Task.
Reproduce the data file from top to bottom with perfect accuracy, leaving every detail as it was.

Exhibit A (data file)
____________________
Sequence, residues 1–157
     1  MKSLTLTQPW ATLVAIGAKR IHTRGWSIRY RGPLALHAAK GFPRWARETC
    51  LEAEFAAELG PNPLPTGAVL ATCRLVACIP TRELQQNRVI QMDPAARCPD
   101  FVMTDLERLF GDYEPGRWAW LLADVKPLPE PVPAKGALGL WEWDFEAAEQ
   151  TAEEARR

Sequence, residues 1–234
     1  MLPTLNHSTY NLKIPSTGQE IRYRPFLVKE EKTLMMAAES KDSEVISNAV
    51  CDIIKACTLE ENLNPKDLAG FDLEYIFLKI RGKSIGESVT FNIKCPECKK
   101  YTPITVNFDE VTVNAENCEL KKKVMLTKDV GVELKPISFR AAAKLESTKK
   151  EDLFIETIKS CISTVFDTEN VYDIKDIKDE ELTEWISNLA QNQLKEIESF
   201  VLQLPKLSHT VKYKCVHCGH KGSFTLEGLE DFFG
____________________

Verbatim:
Sequence, residues 1–157
     1  MKSLTLTQPW ATLVAIGAKR IHTRGWSIRY RGPLALHAAK GFPRWARETC
    51  LEAEFAAELG PNPLPTGAVL ATCRLVACIP TRELQQNRVI QMDPAARCPD
   101  FVMTDLERLF GDYEPGRWAW LLADVKPLPE PVPAKGALGL WEWDFEAAEQ
   151  TAEEARR

Sequence, residues 1–234
     1  MLPTLNHSTY NLKIPSTGQE IRYRPFLVKE EKTLMMAAES KDSEVISNAV
    51  CDIIKACTLE ENLNPKDLAG FDLEYIFLKI RGKSIGESVT FNIKCPECKK
   101  YTPITVNFDE VTVNAENCEL KKKVMLTKDV GVELKPISFR AAAKLESTKK
   151  EDLFIETIKS CISTVFDTEN VYDIKDIKDE ELTEWISNLA QNQLKEIESF
   201  VLQLPKLSHT VKYKCVHCGH KGSFTLEGLE DFFG